With regard to Russia, the Greens are in line with Washington, want to strengthen the exchange with the country’s “courageous” civil society and unconditionally cancel the construction of the Nord-Stream 2 pipeline. In this way, they continue to follow the tradition of the first Green government participation from 1998 to 2005. The programme sounds similarly critical towards Turkey and its government.
With regard to Israel, one should look at a longer section in the original. It states:
“Peace and security require a two-state settlement with two sovereign, viable and democratic states for Israelis and Palestinians. The announced elections in the Palestinian territories are a positive sign. We want to use the opportunity of Israel’s political and economic agreements with Arab states to revive a multilateral peace process and create long-term peace in the region. Europe should coordinate closely with the new US administration to this end.”
The fighting over the last few days has shown how little this strategy has to do with the realities on the ground. The two-state solution is further away than ever and was not a realistic option anyway, the elections were cancelled at the last minute, deepening divisions within the Palestinians, and a peace process has not been seriously addressed for years. In addition, the US government is currently showing itself to be completely haphazard and has generally lost a great deal of its former influence in the region.
With regard to Africa, the party calls for a rethink, away from the supposedly post-colonial approaches towards a common strategy in which future issues belong at the centre. In doing so, however, it remains just as vague as traditional German foreign policy in the region. The Sahel, with its manifold problems that increasingly threaten Europe, is not even mentioned, and there is no mention of competition between the world powers for this continent. So it remains to be feared that Germany will continue to look blindly to the South, which is becoming increasingly important for Europe.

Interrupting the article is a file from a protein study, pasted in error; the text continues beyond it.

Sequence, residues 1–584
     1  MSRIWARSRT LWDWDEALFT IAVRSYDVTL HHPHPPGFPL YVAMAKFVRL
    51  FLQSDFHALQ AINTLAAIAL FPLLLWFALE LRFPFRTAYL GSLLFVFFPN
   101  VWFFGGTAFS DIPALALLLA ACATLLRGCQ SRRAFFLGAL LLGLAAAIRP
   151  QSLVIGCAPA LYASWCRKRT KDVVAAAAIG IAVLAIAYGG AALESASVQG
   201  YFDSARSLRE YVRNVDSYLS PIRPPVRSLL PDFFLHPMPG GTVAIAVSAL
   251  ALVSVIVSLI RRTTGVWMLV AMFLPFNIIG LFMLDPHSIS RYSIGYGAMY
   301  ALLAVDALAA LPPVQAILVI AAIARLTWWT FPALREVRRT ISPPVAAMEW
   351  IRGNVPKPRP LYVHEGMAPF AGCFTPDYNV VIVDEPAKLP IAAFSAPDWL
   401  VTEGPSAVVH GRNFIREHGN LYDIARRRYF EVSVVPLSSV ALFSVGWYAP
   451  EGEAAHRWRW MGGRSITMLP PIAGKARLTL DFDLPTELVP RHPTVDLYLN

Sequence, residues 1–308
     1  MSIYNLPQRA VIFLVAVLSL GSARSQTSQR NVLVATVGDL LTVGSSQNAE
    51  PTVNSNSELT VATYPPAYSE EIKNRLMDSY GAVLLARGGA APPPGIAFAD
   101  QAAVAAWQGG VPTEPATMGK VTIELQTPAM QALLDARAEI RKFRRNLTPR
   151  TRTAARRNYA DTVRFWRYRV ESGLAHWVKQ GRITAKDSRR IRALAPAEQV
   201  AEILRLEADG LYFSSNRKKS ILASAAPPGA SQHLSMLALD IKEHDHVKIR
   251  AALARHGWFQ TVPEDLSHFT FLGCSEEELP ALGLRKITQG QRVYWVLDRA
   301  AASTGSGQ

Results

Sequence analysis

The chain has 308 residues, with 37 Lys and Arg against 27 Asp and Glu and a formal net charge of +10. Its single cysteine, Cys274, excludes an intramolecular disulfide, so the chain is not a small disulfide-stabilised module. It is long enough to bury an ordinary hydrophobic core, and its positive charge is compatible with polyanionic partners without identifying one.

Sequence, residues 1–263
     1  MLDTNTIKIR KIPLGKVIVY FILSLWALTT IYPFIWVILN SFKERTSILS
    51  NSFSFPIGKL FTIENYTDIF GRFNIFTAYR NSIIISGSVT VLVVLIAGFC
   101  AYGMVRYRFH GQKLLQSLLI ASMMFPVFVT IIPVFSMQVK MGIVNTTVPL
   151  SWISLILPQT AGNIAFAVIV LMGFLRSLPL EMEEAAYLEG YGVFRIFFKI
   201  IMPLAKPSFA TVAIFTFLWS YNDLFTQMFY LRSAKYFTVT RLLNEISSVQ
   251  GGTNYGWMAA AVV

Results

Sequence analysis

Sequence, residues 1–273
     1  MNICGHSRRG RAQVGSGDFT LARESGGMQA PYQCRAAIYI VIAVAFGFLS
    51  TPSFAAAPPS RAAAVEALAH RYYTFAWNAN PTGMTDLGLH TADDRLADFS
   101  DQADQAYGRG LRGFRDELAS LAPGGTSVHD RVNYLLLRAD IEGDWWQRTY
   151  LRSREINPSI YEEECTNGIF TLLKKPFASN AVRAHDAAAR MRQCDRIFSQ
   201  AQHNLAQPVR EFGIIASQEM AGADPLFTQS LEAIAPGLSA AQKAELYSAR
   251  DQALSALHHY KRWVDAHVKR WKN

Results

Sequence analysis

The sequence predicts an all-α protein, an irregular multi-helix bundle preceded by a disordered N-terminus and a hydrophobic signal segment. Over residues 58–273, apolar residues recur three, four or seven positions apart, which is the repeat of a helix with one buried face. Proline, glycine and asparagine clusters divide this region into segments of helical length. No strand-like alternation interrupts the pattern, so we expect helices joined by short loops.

What is really annoying about this election programme is the fact that the strategies towards issues such as the Middle East conflict, China’s behaviour at home and in its surroundings or Russia’s domestic policy have been formulated relatively precisely, although a German government can exert almost no influence in this areas and it also does not affect our vital interests. On the other hand, the Mediterranean and “security policy responsibility” are mentioned in the text, but remain so vague that no strategy can be read from them. This gives rise to the suspicion that the focus is wrongly set (or communicated) and thus misses reality to some extent.
In summary, it can be said that in most respects the Greens intend to continue along the traditional lines of German foreign policy. This concerns both the USA and Russia, but also relations within Europe and its immediate neighbourhood. Of course, they too use the credo that the EU must “assume more foreign and security policy responsibility itself.” But how this is to be done without an increase in military capacities remains a mystery. Perhaps we will be smarter in seven years.